By Matt Mueller Culture Editor Published Jun 01, 2013 at 10:01 AM

When did magic become cool again?

This was my main thought watching "Now You See Me," the second star-studded release in the past three months attempting to cash in on a trend from seemingly a decade ago (March’s "The Incredible Burt Wonderstone" was the other one in case you’ve understandably forgotten). To be fair, the same thing happened seven years ago with "The Illusionist" and "The Prestige" coming out within months of each other.

Those movies were smart, tricky and, in the latter’s case, kind of magical. "Now You See Me" is none of those things. It more resembles the logic-devoid "Man on a Ledge" than its obvious role model "The Prestige," and the only trick it has up its sleeve is making $10 and several brain cells disappear.

Jesse Eisenberg, Woody Harrelson, Isla Fisher and Dave Franco star as a band of cocksure street magicians brought together by a mysterious hooded figure and formed into a wildly popular act called "The Four Horsemen." During a flashy Vegas show, they manage to rob a French bank, drawing the attention of an agitated FBI agent (Mark Ruffalo) and a sweet Interpol agent (Mélanie Laurent of "Inglourious Basterds").

They chase the wily magicians from Vegas to New Orleans to New York, trying to uncover the final goal of their illegal illusions. Meanwhile, the Horsemen raise the stakes with each show, finding a new deep-pocketed victim to steal from and give to their crowds (in a flimsy attempt to bring some of the current Occupy Wall Street zeitgeist to a dated concept). Michael Caine and Morgan Freeman round out the cast as the magicians’ wealthy benefactor and a sneaky magic debunker with uncertain affiliations, respectively.

Magic and filmmaking are very similar works of entertainment (it’s not called movie magic just because the alliteration is fun). If a movie or an illusion are to succeed, they must lure the audience in and convince them into believing the often unbelievable. That being said, "Now You See Me" director Louis Leterrier and his trio of writers – Ed Solomon, Boaz Yakin and Edward Ricourt – are terrible magicians. Every time the film gets close to sucking the audience in, they fumble the deck.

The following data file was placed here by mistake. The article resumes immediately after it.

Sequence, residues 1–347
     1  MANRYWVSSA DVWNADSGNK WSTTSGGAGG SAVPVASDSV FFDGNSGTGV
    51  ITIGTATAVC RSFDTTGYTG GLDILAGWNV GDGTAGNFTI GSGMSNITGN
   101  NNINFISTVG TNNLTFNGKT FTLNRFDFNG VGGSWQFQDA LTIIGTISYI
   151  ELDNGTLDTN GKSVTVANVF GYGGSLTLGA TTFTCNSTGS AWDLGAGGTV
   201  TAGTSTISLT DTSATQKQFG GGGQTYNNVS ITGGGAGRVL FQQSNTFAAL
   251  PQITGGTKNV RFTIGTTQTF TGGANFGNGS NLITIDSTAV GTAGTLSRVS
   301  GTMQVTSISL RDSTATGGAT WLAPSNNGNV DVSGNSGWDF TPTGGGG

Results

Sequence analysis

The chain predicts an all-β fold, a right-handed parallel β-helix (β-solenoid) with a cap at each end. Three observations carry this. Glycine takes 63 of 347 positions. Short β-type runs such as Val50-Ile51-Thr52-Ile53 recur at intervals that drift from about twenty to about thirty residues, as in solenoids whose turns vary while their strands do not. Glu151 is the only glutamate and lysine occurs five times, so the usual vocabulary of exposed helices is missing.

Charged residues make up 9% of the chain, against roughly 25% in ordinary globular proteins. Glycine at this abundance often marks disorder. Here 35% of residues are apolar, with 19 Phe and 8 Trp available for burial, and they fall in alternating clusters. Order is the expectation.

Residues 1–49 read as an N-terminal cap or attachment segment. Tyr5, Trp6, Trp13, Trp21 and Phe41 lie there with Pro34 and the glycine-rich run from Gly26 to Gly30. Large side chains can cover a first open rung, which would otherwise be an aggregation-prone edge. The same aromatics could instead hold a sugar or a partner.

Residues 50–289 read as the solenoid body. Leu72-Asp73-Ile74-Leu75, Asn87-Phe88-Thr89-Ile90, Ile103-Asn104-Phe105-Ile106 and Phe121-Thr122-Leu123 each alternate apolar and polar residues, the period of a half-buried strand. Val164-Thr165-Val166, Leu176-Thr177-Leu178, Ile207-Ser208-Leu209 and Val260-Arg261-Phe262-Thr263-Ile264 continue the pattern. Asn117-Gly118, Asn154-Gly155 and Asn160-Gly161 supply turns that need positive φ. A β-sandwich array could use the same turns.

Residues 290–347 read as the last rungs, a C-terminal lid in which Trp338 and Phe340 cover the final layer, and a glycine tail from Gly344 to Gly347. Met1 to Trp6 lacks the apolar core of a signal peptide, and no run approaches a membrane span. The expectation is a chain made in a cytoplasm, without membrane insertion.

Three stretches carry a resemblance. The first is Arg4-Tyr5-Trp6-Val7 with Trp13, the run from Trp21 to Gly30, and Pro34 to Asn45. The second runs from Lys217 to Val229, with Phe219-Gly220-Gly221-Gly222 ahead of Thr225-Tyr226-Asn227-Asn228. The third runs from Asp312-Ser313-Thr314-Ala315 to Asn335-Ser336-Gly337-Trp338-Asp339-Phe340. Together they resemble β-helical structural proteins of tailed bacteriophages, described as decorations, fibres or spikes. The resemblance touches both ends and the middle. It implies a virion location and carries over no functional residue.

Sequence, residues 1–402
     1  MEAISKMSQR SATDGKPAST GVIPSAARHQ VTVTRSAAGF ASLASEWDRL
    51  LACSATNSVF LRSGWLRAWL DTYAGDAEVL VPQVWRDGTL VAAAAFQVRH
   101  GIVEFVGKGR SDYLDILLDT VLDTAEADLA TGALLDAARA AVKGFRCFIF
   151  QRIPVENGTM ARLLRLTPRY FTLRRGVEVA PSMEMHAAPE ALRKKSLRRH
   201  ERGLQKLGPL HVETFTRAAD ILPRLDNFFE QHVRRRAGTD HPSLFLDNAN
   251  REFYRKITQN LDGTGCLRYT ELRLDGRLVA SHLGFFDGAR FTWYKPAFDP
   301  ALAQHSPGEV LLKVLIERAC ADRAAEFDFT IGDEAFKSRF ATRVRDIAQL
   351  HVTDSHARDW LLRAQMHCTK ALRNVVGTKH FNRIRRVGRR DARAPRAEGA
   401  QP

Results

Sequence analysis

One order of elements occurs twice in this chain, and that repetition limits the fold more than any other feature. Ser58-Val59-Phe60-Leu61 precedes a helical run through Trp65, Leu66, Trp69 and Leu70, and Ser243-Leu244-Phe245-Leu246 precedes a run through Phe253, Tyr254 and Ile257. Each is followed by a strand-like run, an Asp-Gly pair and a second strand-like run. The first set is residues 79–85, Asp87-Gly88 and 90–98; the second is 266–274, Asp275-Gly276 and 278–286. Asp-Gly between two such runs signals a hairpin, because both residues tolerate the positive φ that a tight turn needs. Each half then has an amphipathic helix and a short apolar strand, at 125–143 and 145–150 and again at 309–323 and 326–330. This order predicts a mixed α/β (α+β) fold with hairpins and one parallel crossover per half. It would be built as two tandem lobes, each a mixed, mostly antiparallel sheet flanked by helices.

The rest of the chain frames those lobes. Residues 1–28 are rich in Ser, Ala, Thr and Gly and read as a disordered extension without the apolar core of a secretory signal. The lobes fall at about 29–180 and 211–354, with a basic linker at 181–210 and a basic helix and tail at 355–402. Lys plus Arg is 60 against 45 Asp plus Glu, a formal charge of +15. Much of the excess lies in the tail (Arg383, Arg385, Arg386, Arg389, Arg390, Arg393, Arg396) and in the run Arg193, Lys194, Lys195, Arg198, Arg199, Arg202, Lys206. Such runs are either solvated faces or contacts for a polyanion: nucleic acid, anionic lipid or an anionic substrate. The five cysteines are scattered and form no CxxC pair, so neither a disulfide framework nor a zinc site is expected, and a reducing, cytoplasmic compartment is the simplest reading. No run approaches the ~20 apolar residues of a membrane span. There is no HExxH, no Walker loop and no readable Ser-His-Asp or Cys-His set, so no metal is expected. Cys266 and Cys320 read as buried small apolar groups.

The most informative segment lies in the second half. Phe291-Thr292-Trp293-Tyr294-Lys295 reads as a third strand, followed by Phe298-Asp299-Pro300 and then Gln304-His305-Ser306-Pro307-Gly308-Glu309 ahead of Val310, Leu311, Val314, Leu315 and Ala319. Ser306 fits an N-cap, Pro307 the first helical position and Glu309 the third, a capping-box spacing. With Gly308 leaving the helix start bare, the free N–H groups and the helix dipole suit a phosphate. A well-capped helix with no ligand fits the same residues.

Sometimes it’s the ridiculous story, which somehow continually manages to outdo every preposterous turn with an even more brain-insulting one. The plot starts off dumb – the magicians are allowed to tour the country despite the fact that the detectives know how they pulled off the original heist … and they told the crowd they were robbing a bank – and then gradually builds to a final reveal that will cause viewers’ brains to somersault trying to understand the logic of the ludicrously elaborate and precise plan. Plus, for all of the script's talk of a "grand final trick," the endgame – partially involving some millennia-spanning magic cult called The Eye that is apparently worth risking significant time in prison – is rather underwelming.

On the other hand, the Horsemen’s plan gets Eisenberg into a hilariously fake mustache. I’ll let you decide if those brief seconds of fabulous facial hair are worth the plot-related headaches.

Other times, it’s just a disappointing lack of actual magic. Most of the tricks are completely implausible (Isla Fisher jumps into a bubble and floats … sure), and those that aren’t still require plenty of CGI to make them come to overblown life. After all, why simply chain someone to the bottom of a water tank when you can chain someone to the bottom of a water tank filled with man-eating piranhas? Because it’s silly – that’s why – and using special effects for so much of the magic seems like taking the lazy way out.

A quick glance at Leterrier’s resume – including two "Transporter" films and the "Clash of the Titans" remake – shows he’s not exactly a veteran of complex plots. His game is action, so when "Now You See Me" throws Ruffalo and Franco together for a goofily entertaining chase (complete with shuriken-like card-flinging), he’s got a comfortable handle on it.

He’s also equipped with an overqualified cast that seems to be having a lot of fun with the material. Laurent winningly lights up the screen, and she has an easy chemistry with the ornery Ruffalo (though the budding romance feels a bit forced). Fellow "Zombieland" survivors Eisenberg and Harrelson also have a ball with their amusingly smug characters and their snappy dialogue.

Their spirited performances almost manage to sell the film’s absurdity, but "Now You See Me" is never willing to leave stupid enough alone. It’s a dim bulb slight of hand that’ll likely leave viewers feeling slighted. 

Matt Mueller Culture Editor

As much as it is a gigantic cliché to say that one has always had a passion for film, Matt Mueller has always had a passion for film. Whether it was bringing in the latest movie reviews for his first grade show-and-tell or writing film reviews for the St. Norbert College Times as a high school student, Matt is way too obsessed with movies for his own good.

When he's not writing about the latest blockbuster or talking much too glowingly about "Piranha 3D," Matt can probably be found watching literally any sport (minus cricket) or working at - get this - a local movie theater. Or watching a movie. Yeah, he's probably watching a movie.